The nonwoven web 12 may be extensible, elastic, or nonelastic nonwoven material. The nonwoven web 12 may be a spunbonded web, a meltblown web, or a bonded carded web. If the nonwoven web is a web of meltblown fibers, it may include meltblown microfibers. The nonwoven web 12 may be made of fiber forming polymers such as, for example, polyolefins. Exemplary polyolefins include one or more of polypropylene, polyethylene, ethylene copolymers, propylene copolymers, and butene copolymers.

In one embodiment of the present invention, the nonwoven web 12 may be a multilayer material having, for example, at least one layer of a spunbonded web joined to at least one layer of a meltblown web, a bonded carded web or other suitable material. Alternatively, the nonwoven web 12 may be a single layer of material such as, for example, a spunbonded web, a meltblown web, or a bonded carded web.

The nonwoven web 12 may also be a composite material made of a mixture of two or more different fibers or a mixture of fibers and particles. Such mixtures may be formed by adding fibers and/or particulates to the gas stream in which the meltblown fibers are carried so that an intimate entangled commingling of meltblown fibers and other materials, e.g., wood pulp, staple fibers and particulates such as, for example, hydrocolloidal (hydrogel) particles commonly referred to as superabsorbent materials, occurs prior to collection of the meltblown fibers upon a collecting device to form a coherent web of randomly dispersed meltblown fibers and other materials.

The nonwoven web of fibers should be joined by bonding to form a coherent web structure which is able to withstand necking. Suitable bonding techniques include, but are not limited to, chemical bonding, thermobonding, such as point calendering, hydroentangling, and needling.

FIG. 5 is an enlarged perspective illustration of a preferred embodiment of the mechanical stabilization arrangement 38 employing opposed pressure applicators having three-dimensional surfaces which at least to a degree are complimentary to one another. The mechanical stabilization arrangement 38 shown in FIG. 5 comprises incremental stretching rollers 34 and 36. The nonwoven web 12 passes through the nip 32 formed by incremental stretching rollers 34 and 36 as the incremental stretching rollers rotate in the direction indicated by the arrows associated therewith. Uppermost incremental stretching roller 34 comprises a plurality of teeth 40 and corresponding grooves 41 which extend about the entire circumference of roller 34. Lowermost incremental stretching roller 36 to comprises a plurality of teeth 42 and corresponding grooves 43 which extend about the entire circumference of roller 36. The teeth 40 on roller 34 intermesh with or engage the grooves 43 on roller 36, while the teeth 42 on roller 36 intermesh with or engage the grooves 41 on roller 34.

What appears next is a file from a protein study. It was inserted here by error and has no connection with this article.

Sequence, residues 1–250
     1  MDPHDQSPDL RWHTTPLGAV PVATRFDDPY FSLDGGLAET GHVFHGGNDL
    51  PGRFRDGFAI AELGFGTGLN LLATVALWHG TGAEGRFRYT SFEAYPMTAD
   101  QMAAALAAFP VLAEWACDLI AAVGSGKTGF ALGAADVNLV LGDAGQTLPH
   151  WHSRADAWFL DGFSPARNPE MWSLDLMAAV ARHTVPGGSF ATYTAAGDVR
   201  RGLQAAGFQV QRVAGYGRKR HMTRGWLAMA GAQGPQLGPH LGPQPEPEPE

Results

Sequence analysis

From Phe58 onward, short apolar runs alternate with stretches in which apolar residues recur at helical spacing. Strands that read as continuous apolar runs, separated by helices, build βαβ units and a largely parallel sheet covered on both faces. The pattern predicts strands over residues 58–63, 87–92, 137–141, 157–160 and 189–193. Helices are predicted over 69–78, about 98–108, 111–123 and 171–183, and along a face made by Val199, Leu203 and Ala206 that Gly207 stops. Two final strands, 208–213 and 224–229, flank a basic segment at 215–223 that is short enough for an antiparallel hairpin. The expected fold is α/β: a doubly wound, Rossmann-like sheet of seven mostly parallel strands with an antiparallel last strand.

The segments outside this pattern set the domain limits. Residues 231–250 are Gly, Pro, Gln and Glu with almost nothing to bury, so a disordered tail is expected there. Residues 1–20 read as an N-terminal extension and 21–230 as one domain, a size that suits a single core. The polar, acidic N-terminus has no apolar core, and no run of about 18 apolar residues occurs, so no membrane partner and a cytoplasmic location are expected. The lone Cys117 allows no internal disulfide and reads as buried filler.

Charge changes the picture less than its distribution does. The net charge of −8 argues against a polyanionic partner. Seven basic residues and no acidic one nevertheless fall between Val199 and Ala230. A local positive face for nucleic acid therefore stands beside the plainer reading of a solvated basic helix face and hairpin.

The teeth 40 and 42 on rollers 34 and 36, respectively, extend in a direction substantially perpendicular to the first direction of the nonwoven web 12 or in a direction substantially parallel to the width of the nonwoven web 12. That is, teeth 40 and 42 extend in a direction parallel to the cross-machine or CD direction. The incremental stretching rollers 34 and 36 incrementally stretch the web in a direction generally perpendicular to the necked direction, i.e., in a direction parallel to the first direction, thereby stabilizing the nonwoven web 12 such that it remains in its bulked condition after passing through the incremental stretching rollers 34 and 36. By stabilizing the bulky nonwoven web, the nonwoven web substantially maintains its bulked condition.